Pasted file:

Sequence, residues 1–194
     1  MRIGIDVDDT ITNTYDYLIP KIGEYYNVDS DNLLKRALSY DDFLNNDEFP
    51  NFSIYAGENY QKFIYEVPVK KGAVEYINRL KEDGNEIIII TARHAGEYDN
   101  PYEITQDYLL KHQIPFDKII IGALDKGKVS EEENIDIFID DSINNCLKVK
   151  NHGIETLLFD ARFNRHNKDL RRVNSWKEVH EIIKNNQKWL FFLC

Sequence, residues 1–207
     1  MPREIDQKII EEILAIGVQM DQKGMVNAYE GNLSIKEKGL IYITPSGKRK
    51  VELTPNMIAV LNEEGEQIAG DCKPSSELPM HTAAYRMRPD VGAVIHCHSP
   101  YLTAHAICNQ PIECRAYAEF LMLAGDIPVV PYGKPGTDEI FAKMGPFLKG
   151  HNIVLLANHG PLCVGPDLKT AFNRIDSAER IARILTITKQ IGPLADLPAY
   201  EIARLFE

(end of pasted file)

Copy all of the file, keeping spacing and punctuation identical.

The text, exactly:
Sequence, residues 1–194
     1  MRIGIDVDDT ITNTYDYLIP KIGEYYNVDS DNLLKRALSY DDFLNNDEFP
    51  NFSIYAGENY QKFIYEVPVK KGAVEYINRL KEDGNEIIII TARHAGEYDN
   101  PYEITQDYLL KHQIPFDKII IGALDKGKVS EEENIDIFID DSINNCLKVK
   151  NHGIETLLFD ARFNRHNKDL RRVNSWKEVH EIIKNNQKWL FFLC

Sequence, residues 1–207
     1  MPREIDQKII EEILAIGVQM DQKGMVNAYE GNLSIKEKGL IYITPSGKRK
    51  VELTPNMIAV LNEEGEQIAG DCKPSSELPM HTAAYRMRPD VGAVIHCHSP
   101  YLTAHAICNQ PIECRAYAEF LMLAGDIPVV PYGKPGTDEI FAKMGPFLKG
   151  HNIVLLANHG PLCVGPDLKT AFNRIDSAER IARILTITKQ IGPLADLPAY
   201  EIARLFE